Bioclimatic architecture is that which is carried out taking into account the environmental conditions of the surroundings on which the building will be built in order to achieve a level of well-being inside the buildings with hardly any need to resort to air-conditioning systems. It is that which makes the most of natural sources of heat, light or coolness and minimises their loss through elements such as the location on the ground, orientation or insulation of its walls. Bioclimatic architecture is not something new. Traditional architecture in all countries is largely bioclimatic, as in the past houses were arranged in a way that was consistent with the environmental conditions. At that time, it was difficult, costly and illogical, if not impossible, to have air-conditioning elements, so houses were optimised to make the most of natural resources.
The resources used by bioclimatic architecture to achieve significant energy savings are
Adequate layout on the ground- In our case, the plot has a certain slope towards the south and the building has been located in the centre of it, fully exposed to solar radiation but also exposed to winds. We will alter this situation in the future with the help of the vegetation. In the northern zone we will plant a "free hedge" of conifers (evergreen) that will protect us throughout the year from the cold winds that are so frequent, and in contrast, the southern zone will have deciduous trees, thus taking advantage of the brake on sunlight that the foliage provides in summer but enjoying the sun in winter.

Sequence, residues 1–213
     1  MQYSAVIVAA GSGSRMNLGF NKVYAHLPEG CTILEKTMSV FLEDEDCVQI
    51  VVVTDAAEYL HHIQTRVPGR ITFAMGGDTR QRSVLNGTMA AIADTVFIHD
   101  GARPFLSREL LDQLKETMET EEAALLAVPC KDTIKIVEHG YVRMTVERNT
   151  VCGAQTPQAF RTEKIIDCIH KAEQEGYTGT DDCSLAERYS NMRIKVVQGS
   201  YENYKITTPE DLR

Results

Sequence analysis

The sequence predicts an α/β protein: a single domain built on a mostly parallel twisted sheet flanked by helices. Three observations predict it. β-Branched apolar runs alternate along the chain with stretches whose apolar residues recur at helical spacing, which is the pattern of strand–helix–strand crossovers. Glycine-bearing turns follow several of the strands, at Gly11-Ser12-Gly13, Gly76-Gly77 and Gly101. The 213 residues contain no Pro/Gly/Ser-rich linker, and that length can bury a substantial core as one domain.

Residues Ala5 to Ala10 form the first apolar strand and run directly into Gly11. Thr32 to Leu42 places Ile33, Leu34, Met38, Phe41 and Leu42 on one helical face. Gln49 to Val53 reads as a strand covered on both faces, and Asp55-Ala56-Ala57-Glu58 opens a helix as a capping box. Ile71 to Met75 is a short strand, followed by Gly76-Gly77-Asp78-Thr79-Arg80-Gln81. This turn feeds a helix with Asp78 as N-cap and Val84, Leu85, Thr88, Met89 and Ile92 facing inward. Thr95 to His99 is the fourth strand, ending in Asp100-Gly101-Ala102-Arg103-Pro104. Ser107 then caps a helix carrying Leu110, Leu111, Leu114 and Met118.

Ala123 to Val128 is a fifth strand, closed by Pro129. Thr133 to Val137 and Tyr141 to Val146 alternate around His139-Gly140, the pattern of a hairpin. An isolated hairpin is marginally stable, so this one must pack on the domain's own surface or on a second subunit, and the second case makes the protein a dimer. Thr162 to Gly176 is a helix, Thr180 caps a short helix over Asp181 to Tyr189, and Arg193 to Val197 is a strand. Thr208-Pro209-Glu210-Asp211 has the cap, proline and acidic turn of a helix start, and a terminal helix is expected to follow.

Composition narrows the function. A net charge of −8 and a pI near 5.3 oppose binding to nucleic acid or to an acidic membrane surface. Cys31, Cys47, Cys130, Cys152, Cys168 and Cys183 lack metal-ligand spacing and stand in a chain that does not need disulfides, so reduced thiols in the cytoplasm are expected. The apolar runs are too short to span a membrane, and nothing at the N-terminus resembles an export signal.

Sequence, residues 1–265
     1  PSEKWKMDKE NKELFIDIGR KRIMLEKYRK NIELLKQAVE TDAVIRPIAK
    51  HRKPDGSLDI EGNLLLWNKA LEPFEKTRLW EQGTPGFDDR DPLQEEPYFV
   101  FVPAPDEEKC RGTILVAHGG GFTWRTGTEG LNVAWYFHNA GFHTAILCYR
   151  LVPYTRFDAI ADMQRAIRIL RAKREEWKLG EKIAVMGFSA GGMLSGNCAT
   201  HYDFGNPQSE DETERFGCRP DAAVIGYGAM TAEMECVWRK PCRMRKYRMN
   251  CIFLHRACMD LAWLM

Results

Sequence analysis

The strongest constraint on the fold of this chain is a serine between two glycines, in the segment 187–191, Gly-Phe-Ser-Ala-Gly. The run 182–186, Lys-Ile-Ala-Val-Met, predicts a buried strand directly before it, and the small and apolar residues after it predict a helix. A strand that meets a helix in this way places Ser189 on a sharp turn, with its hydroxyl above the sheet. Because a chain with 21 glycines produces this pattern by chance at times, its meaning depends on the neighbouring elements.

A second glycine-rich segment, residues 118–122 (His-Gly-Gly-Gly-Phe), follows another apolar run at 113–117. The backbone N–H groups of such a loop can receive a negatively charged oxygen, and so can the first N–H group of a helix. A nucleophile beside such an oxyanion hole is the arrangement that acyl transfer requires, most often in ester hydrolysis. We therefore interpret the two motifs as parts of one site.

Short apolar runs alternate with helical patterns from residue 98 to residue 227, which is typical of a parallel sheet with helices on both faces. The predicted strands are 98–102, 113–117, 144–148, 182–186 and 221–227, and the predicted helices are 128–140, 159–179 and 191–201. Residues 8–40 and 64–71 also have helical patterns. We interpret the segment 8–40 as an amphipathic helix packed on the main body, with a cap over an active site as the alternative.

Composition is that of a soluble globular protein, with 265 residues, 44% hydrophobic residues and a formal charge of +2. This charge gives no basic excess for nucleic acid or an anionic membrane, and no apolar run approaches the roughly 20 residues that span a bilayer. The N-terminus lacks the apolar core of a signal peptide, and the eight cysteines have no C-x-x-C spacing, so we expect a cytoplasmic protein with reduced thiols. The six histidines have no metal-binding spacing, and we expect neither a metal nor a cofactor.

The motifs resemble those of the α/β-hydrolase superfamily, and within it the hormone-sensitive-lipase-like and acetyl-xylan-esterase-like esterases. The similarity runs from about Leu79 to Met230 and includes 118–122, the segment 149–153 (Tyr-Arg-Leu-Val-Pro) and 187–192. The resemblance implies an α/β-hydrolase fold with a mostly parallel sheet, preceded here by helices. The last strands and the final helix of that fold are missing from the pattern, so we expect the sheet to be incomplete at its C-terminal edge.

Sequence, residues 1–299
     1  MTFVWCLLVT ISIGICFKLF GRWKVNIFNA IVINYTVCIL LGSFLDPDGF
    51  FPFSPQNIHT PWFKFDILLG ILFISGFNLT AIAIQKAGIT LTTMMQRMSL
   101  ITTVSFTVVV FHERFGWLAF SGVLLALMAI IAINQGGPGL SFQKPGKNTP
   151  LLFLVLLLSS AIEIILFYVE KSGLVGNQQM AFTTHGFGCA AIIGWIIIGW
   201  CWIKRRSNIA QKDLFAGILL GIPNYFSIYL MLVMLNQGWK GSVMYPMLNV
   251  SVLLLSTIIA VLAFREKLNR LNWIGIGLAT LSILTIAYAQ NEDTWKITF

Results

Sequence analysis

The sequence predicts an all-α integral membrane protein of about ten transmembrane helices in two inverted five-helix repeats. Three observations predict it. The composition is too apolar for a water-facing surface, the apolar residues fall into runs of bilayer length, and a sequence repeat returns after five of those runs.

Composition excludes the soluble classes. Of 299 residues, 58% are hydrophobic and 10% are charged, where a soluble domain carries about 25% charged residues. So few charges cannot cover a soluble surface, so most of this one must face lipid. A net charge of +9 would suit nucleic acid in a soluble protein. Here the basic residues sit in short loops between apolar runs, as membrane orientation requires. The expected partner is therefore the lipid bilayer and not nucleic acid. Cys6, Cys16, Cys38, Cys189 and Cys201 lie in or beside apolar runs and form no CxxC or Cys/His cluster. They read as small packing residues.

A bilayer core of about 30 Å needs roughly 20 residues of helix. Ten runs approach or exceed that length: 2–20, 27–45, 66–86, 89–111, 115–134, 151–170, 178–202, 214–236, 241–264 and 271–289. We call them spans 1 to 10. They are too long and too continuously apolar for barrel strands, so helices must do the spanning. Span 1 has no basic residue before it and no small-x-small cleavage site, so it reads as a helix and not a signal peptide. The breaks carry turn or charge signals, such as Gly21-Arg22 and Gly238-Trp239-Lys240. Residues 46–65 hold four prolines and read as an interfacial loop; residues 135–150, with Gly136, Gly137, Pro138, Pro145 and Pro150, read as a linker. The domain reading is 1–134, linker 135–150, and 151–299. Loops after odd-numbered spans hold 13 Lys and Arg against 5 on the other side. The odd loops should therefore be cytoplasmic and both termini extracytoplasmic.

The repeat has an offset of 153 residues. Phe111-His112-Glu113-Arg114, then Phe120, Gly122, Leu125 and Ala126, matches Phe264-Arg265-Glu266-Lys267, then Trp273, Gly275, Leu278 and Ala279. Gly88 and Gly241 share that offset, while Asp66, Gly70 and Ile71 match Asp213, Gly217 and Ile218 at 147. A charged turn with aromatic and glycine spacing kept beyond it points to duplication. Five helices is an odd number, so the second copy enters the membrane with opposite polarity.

Passive solar architecture - That which makes the most of passive solar energy, that is to say, that which comes from the sun and arrives directly at the interior of the house through windows, in our case, a cold climate. Each room has almost 7 m2 of windows with double thermal insulating glazing which allows heat and luminosity to be captured. The sun makes a higher trajectory in summer than in winter, coinciding its extremes with the summer and winter solstices (see diagram and photos below). For this reason, the south side of the building, i.e. the rooms, have two spoilers that protrude from the wall, so that in winter the sun projects onto the walls, heating them and in summer the spoilers prevent it from penetrating, keeping the rooms cool.
Wall insulation - Using appropriate materials, heat loss through the walls is kept to a minimum. For example, the heat gained through passive solar energy is retained inside the house and is not lost. The thickness of the walls is also important as they act as a thermal mass to help temper the temperatures inside the house in very extreme climates. We explain in detail the walls of the building in "healthy materials".
Adequate layout of the rooms - Usually, the rooms of greatest use are located in the southern area, in a house so it is logical to locate the living room and common rooms. But in our case, and thinking about the clients, the rooms are the ones that occupy this privileged place, in addition, thanks to the design of the plot, it allows us to provide them with a wooden terrace also oriented to the south and its own garden. The common areas such as the dining room, and the living room are located to the north, with small windows on the north side but with large windows on the south side that keep them bright, thus also reducing the consumption of electricity for lighting. On the other hand, in moments of excessive heat, air currents can be achieved to cool down the atmosphere of the interior.